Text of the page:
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Cross-Price Elasticity of Demand



Cross-Price Elasticity of Demand

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Now let's talk about another elasticity of demand. The cross price elasticity of demand. So the cross price elasticity of demand helps us gauge whether goods are gonna be substitutes or complements or just completely unrelated. Right? So remember when we were talking about substitutes and complements in the demand shifts um The idea was that the price change in one good would've the demand of another, right? And that's exactly what we see in our formula here. Right? Look at our formula for cross price elasticity of demand. We've got the quantity demanded of one good in the numerator right? Notice how quantity demanded is still in the numerator just like always. But we've got the price of a different good here good. Why? Right? So quantity demanded of one good price of another good. Right. So the idea here is we're gonna see how quantity demanded of one good reacts to the change in price of another good. And you can imagine that it's gonna help us find substitutes and complements. Right? So still, just like before we're going to keep using our midpoint method and luckily again the steps stay 99% the same except in this case we're using the price of a different good rather than the price of our own good. Um just like with the income elasticity to the only thing that changes, we were using income instead of price. Now we're using price of another good instead of price of our good. And once again you can tell right here price and price in the denominator, they all kind of follow this flow, whatever the name of it is, that's what's in the denominator. But it's also easy to just remember that quantity is always going to be in the numerator for all of our elasticity ease. Alright, so let's go ahead and do an example here for cross price elasticity. You're gonna see how similar our steps are. And again with this one we do have the positive and negative uh differences. Right? So we're gonna end up making our conclusion based on it being positive or negative. So that's going to matter in this case as well. So let's go ahead and do an example where we can use our steps which are basically the same as we've been using. So let's go ahead And do this one. When the price, when the price of tennis rackets increased from $45 to $55. The quantity demanded of tennis balls dropped from 21,000 to 19,000. What is the cross price elasticity of demand? So notice they gave us two quantities. Right? But those are quantities of tennis balls and they gave us two prices. But those are prices of tennis rackets, right? So um you can imagine that these are going to be compliments. Like I picked things that sound like compliments just for the sake of it, but we can make sure by doing this calculation but the idea here is we're seeing a price increase in one product and a quantity demanded decrease in the other product, Right? So remember from from demand shifts, that's exactly what happens with a compliment if the price goes up of a compliment, the quantity demanded of the compliment goes down. Right? So um so in this case that's exactly what we're seeing. Let's do our steps and do the analysis with elasticity. So we'll make two columns quantity demanded and that's quantity demanded of tennis balls and p that's our price column for the price of tennis rackets. And let's go ahead and do this. So first we subtract 21,000 -19000 equals 2000 and price. The same thing 55 -45 -45 equals 10. Step two. We're gonna add 21,000 plus 19,000 equals 40,000. And on the other side the same 55 plus 45 equals 100. Now, step three is where we're gonna divide. Step two by 2 40,000, divided by two equals 20,000. And on the other side we've got 100 divided by two equals 50. Step four. This is where we're gonna get our actual percentage changes in each. So step one divided by step 3, 2000 divided by 20,000. That's going to equal 0.1. That's our percentage change in quantity demanded. Let's do the same thing with price. So we've got 10 divided by 50 and we're gonna have 0.2 is our percentage change in price. Right now we haven't dealt with the positives or negatives yet. I always leave that for the last step where I go back to the problem. So first let's get the number of our cross price elasticity, which is just gonna be this quantity demanded 0.1, right? This is Uh quantity divided by price uh which was the 0.2. And we are going to get an answer of 0.5 right there, right half. So now we just have to check is it positive or negative? So let's see for for the prices we had a price increase. So the price is a positive. And for tennis balls, the quantity decrease, right? dropped from 21 to 19 so that Negative right there, so we have a negative and a positive, that means it's a negative, we have a negative 0.5 for our answer. So now how do we analyze this answer that we just got negative 0.5. Well, right down here we've got our answers. So if we get this one's pretty easy because we don't have to think about is it elastic, is it any elastic this or that we just want to know if it ends up being positive or negative. Right? So if it's positive then we know they're substitutes. If it's negative their compliments and if it's zero then you know they're unrelated. Okay, so in this case we got a negative number which tells us that they are compliments. But remember we can use some logic to kind of come to the same conclusion, right? We saw the price of tennis rackets go up and the quantity demanded of tennis balls go down. Right? So the idea is if you remember from the demand shifts when the price of one product goes up, causing the other quantity demanded to go down, that means that they're gonna be compliments. Now, if the price had gone up and the quant demanded of the other one went up, that's when we're talking about substitutes, and that's why you would see a positive answer in this case. Up and up. Right. Um So really in this case you can make a lot of conclusions just from the problem without doing any math. All right. So let's go ahead and do some practice problems about cross price elasticity.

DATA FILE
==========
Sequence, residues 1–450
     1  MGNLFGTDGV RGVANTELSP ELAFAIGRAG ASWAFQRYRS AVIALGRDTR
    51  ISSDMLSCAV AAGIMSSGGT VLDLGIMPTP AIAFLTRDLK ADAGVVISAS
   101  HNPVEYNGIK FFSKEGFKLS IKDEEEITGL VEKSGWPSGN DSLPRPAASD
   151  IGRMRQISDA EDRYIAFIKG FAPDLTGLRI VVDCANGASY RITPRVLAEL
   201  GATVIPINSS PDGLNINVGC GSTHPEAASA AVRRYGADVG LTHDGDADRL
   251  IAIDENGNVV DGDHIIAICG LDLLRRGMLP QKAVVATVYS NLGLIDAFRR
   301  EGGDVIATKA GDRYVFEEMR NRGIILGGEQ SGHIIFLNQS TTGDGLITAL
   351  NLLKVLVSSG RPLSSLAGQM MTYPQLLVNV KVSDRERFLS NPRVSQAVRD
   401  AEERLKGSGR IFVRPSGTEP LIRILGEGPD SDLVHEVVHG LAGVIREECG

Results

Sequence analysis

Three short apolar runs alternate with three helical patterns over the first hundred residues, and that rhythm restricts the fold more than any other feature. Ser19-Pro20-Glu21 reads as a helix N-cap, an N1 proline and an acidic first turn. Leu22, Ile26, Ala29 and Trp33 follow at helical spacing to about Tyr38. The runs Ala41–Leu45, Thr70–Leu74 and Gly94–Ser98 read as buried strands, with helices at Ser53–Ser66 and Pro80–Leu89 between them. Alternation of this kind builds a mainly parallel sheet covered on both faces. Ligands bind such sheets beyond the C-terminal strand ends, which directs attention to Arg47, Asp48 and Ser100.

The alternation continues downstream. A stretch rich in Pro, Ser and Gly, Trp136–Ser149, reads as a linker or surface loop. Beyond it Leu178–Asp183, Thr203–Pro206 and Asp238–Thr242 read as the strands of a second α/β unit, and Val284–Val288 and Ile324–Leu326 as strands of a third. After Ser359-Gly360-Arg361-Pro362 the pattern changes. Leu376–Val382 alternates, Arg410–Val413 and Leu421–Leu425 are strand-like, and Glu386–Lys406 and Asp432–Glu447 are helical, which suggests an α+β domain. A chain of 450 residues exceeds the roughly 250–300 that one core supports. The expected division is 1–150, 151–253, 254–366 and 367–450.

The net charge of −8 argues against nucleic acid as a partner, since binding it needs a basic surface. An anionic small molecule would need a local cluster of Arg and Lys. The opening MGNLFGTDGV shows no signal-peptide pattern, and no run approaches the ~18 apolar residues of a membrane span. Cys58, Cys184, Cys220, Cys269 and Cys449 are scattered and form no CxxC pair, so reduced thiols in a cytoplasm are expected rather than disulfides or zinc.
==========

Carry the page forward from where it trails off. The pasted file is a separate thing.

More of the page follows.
An increase in the demand for chicken, from 8,000 to 12,000, was caused by an increase in the price of beef from $4.50 to $5.50. Therefore, the cross-price elasticity for these two products is:


The cross-price elasticity of demand between apples and oranges is defined as